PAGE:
From ATAGS to Ultra-Light Howitzers, how Indian Army is upping artillery game at borders

Faced with an increasingly belligerent China, the Indian Army has increased its firepower by deploying a variety of rockets and artillery, and plans to further acquire diverse weapon systems

FP Explainers September 28, 2022 15:33:08 IST
From ATAGS to Ultra-Light Howitzers, how Indian Army is upping artillery game at borders

The indigeneously-made Advanced Towed Artillery Gun System. ANI

The Indian Army is upping its firepower on the northern and eastern borders by deploying rockets and making plans to secure weapon systems such as the 100 K9 Vajra howitzers and UAVs.

Already the Indian Army’s artillery units have put into action K-9 Vajra Tracked Self-Propelled Howitzers, Ultra-Light M-777 howitzers, Pinaka rocket systems and Dhanush gun systems.

Sources said the army is set to procure a new batch of 100 more K9 Vajras howitzers, in addition to 100 such guns ordered in 2017.

“The Defence Acquisition Council has cleared the proposal for ordering 100 more K9 Vajras. The Request for Proposal (RFP) will be issued soon,” the source said.

Sources said the Army is also in the process of procuring Advanced Towed Artillery Gun System, commonly known as ATAGS, and Mounted Gun Systems (MGS).

Faced with an increasingly belligerent China, the Indian Army has increased its firepower by deploying a variety of rockets and artillery, and plans to further acquire a variety of weapon systems.

Let’s take a closer look:

ATAGS

“My friends, today we heard this sound after 75 years of independence for which our ears were yearning to hear. For the first time after 75 years, the Made in India cannon has saluted the Tricolour from the Red Fort. Will there be any Indian who will not be inspired by this sound?” said Prime Minister Narendra Modi on India’s 76th Independence Day.

The prime minister was referring to the indigenously-made Advanced Towed Artillery Gun System (ATAGS), used alongside the traditional British-origin ’25 Pounders’ artillery guns, when he made these remarks.


Howitzers is an umbrella term for a category of long-range artillery guns, as per Indian Express.

As per Eurasian Times, the 155 mm ATAGS is the brainchild of India’s Defence Research and Development Organisation (DRDO) and developed by its  Armament Research Development Establishment (ARDE) and Armament Combat Engineering Systems (ACE) in Pune.

Bharat Forge Ltd (of Kalyani Group) and Tata Advanced Systems Ltd are also part of its manufacturing.

DRDO’s Sangam Sinha told the outlet the ATAGS howitzer is a “game changer” as it is the first in the world to have a 45 kilometre range, it is self-propelled and can be towed easily.

It is said to be more lethal than the Bofors in every respect, as per the outlet.

ATAGS comes with electric drives to ensure maintenance-free and reliable field operations even in the extreme cold. The gun incorporates compact thermal imaging sight and surveillance system, Software Defined Radio (SDR) based advanced communication, high power, compact ‘auxiliary power’ unit for achieving enhanced cross-country mobility, walking-beam suspension for negotiating difficult terrains, simultaneous voice, and data communication and fire control computer.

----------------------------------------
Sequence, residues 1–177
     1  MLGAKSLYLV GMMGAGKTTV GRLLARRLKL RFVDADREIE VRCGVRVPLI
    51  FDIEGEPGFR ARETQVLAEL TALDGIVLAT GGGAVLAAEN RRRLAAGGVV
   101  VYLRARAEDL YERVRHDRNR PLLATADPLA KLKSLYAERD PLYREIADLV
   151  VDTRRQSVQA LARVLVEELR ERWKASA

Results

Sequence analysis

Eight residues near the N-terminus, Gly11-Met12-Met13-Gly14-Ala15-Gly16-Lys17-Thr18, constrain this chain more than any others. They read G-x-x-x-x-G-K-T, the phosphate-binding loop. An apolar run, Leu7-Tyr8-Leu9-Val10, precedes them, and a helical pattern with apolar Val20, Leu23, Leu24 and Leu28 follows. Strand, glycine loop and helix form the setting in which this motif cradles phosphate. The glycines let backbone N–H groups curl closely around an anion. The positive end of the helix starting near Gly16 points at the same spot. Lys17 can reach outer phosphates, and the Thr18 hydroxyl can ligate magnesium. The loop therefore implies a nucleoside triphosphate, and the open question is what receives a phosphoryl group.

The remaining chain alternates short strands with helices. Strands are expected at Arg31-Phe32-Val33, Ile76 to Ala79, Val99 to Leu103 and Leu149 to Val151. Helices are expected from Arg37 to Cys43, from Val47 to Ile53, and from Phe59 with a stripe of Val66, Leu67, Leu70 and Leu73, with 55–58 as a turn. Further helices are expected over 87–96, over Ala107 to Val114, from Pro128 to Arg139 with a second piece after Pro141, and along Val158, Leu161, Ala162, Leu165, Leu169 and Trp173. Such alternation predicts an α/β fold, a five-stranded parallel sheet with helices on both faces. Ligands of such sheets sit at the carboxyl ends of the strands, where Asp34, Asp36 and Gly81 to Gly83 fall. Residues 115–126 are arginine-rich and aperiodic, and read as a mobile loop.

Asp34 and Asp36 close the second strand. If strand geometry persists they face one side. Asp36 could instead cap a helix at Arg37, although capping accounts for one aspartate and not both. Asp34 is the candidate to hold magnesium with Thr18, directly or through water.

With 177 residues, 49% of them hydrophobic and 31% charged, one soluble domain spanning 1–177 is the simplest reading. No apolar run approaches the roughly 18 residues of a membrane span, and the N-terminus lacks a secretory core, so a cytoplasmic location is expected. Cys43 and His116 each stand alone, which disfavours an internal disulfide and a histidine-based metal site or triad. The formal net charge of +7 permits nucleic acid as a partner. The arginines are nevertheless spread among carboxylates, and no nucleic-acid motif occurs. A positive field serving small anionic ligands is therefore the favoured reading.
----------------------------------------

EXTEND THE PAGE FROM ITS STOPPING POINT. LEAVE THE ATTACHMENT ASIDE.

It is also equipped with an “Integrated Fire Control system” consisting of an INS-based Automatic Gun Alignment and Positioning System (AGAPS), Muzzle Velocity Radar (MVR), and Ballistic Computer to carry out online computations.

Sources said the ATAG is in ‘advanced stages’ of trial and has many firsts to its credit — 25-litre chamber, long range, as also rapid and sustained rates of fire.

Sources said the user trials on the gun systems have been satisfactorily conducted and that there are few procedural issues that are being taken care of.

K9 Vajras

The K9 Vajras were originally procured for deployment in deserts, but following the eastern Ladakh standoff, the army deployed a significant number of the howitzers in that high-altitude region.

The sources said minor adjustments were made for deployment of the tracked howitzers in eastern Ladakh.

“We are also procuring winterisation kits so the howitzers work in sub-zero temperature,” the source said, adding the Vajra guns are roaring in high altitude area along Northern borders.

From ATAGS to UltraLight Howitzers how Indian Army is upping artillery game at borders

The K9 Vajra supplied by Larsen and Toubro. ANI

As per The Print, the Indian Army is set to order 100 more K9 Vajra Tracked Self-Propelled Howitzer from Larsen and Toubro (L&T).

“We have got the clearance from the Ministry of Defence to order for 100 more Vajras. The Request for Proposal (RFP) will be issued to L&T soon after which the cost negotiations will be carried out. We will fast-track the process and hope to have the deliveries started soon,” a source in the defence and security establishment told the outlet.

L&T won the Rs 4,500-crore contract to supply 100 units of K9 Vajras under the ‘Make in India’ initiative in 2017 for which it signed a transfer of technology contract with South Korean company Hanwha Corporation.